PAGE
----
Congdon: At the highest level, you are trying to achieve equity. You want the people who are in the office and the people who are home to all be having a similar experience. You don’t want to compromise part of your employee base depending on the locations from which they are working. The second big factor is engagement. Companies need to recognize that people engage in different ways based on the medium in which they are working.
Consider that during this interview, we are all on Zoom. But not everyone has cameras on. In a lot of organizations, you have people working in an office and people who are on video. If I were to feel that I am not a full-on equal participant in a meeting because I am on video, I might be quieter. I might spend part of the meeting checking emails, tuned out and not engaged.
How can companies create that equity once people are working both from home and in the office?
Congdon: First, it has to be easy for people to do whatever it is they have to do throughout the day. Anything that creates friction for people causes them to resist. A workplace supporting hybrid work has to solve for those issues.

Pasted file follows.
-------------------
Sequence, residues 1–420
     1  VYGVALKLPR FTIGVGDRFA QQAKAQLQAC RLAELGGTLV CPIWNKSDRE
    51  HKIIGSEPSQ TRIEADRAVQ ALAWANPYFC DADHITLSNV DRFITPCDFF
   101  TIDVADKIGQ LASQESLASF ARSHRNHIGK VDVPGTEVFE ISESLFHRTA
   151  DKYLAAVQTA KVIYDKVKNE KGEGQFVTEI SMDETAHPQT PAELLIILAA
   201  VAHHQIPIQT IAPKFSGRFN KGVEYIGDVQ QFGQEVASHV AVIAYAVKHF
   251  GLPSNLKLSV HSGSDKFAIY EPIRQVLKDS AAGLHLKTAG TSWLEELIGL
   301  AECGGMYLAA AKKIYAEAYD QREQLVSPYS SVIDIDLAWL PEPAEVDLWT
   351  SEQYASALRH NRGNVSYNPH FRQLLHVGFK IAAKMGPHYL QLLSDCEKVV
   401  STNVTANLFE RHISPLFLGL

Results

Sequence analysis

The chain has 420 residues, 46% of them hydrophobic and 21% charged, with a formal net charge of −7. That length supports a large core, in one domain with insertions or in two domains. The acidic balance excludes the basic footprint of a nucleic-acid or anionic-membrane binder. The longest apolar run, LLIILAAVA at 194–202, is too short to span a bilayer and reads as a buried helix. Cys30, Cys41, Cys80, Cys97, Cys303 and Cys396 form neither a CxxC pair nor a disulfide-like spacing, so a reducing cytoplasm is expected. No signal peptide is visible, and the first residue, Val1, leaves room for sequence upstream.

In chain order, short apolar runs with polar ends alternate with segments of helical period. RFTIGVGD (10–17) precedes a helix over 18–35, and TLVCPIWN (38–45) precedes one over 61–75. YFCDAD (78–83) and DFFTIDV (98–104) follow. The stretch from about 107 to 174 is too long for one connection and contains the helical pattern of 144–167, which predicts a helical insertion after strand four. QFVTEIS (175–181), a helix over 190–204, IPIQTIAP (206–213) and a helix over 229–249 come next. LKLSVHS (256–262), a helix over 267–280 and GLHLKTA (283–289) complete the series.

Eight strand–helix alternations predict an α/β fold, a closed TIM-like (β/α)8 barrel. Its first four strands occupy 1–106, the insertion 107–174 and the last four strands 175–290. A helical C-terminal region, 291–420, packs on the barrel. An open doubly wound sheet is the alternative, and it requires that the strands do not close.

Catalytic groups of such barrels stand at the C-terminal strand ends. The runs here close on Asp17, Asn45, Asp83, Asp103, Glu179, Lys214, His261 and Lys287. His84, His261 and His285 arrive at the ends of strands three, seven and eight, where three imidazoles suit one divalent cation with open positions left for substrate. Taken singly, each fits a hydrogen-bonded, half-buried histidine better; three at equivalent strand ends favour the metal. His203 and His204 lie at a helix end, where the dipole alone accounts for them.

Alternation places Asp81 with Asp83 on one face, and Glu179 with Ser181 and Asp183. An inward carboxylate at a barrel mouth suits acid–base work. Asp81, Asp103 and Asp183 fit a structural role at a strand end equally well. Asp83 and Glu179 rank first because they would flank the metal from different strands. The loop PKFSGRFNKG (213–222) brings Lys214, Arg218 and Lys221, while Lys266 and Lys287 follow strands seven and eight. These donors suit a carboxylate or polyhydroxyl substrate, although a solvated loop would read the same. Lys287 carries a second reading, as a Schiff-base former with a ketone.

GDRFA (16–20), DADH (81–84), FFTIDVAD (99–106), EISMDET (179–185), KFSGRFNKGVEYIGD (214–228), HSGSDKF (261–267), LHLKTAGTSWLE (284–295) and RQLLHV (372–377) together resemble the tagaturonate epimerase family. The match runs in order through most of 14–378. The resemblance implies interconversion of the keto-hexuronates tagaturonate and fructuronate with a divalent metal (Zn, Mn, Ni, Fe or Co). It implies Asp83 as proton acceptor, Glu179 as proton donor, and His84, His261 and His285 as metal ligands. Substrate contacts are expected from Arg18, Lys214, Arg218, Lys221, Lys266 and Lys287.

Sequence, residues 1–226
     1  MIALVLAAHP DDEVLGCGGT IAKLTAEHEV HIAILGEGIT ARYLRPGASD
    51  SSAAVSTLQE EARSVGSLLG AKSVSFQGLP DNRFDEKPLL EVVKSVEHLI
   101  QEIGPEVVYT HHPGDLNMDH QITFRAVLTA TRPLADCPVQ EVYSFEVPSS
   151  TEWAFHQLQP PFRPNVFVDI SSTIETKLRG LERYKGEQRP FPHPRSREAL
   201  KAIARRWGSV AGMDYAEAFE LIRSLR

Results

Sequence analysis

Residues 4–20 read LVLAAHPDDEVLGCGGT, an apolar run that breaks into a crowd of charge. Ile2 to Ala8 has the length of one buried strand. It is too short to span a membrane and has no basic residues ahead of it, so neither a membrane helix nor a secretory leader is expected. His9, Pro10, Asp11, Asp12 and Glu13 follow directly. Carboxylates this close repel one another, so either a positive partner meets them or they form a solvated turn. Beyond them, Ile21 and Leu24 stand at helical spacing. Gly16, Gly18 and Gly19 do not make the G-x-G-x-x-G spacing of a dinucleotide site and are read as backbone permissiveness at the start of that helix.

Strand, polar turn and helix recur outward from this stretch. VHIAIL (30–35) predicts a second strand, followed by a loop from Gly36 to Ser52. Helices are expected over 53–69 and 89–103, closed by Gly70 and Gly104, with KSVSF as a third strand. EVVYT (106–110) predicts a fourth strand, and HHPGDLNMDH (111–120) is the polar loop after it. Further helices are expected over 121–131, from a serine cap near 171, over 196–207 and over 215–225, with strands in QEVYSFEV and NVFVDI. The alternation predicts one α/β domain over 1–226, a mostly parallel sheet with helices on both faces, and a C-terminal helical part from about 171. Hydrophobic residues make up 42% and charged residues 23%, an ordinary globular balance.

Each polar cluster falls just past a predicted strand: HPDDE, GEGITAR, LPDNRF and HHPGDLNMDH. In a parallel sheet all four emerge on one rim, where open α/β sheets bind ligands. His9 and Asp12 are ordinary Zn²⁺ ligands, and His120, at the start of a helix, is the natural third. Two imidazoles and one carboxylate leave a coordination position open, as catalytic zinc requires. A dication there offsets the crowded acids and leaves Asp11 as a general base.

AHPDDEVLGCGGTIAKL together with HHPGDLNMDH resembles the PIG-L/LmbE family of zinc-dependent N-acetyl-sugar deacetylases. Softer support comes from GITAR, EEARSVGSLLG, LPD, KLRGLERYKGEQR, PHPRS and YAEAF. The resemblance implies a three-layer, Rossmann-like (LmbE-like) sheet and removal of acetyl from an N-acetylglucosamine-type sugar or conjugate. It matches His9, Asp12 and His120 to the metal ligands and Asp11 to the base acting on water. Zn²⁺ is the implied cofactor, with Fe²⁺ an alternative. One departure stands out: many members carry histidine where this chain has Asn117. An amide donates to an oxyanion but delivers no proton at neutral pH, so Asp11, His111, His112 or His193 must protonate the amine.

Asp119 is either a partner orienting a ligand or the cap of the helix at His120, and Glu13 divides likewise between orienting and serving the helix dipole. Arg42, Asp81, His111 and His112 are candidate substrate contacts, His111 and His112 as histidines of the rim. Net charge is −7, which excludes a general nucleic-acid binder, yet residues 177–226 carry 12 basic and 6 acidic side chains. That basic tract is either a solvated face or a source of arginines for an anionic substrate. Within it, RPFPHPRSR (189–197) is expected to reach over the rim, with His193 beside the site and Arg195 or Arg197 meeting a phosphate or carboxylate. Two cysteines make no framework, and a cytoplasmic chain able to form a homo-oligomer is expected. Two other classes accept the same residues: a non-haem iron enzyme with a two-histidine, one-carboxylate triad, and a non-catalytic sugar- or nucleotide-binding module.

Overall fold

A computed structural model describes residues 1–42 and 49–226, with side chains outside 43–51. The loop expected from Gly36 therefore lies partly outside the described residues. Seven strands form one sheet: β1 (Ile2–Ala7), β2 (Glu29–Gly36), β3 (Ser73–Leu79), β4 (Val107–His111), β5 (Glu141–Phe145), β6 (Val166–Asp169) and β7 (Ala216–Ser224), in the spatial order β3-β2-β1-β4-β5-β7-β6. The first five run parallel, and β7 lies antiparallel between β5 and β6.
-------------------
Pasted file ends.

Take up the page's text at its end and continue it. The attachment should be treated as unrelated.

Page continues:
The way offices are set up can help with this. If more people are attending meetings on video, not everyone will be gathering in a big conference room. Instead, people can gravitate to spaces where they have higher levels of acoustical privacy. They can head to enclaves and enclosed spaces that have four walls and a door. You are going to see more people in the workplace needing those spaces.
That is the number-one thing people asked for in our survey: private spaces. That is more important now than before the pandemic. In our survey, 64% of respondents said they need places to do this hybrid collaboration. If companies want to support that equitable experience, they need to offer these spaces.
What else do people want to see from their workplaces as they return to the office?
Congdon: There is an increased demand for privacy. Even before the pandemic, there was a pushback against the open office plan. The way the open plan was interpreted by a lot of organizations was that everything was wide open. People were shoulder-to-shoulder. They were at benches. There was not a place to escape and get any kind of privacy, whether you needed to focus or needed to make a personal phone call.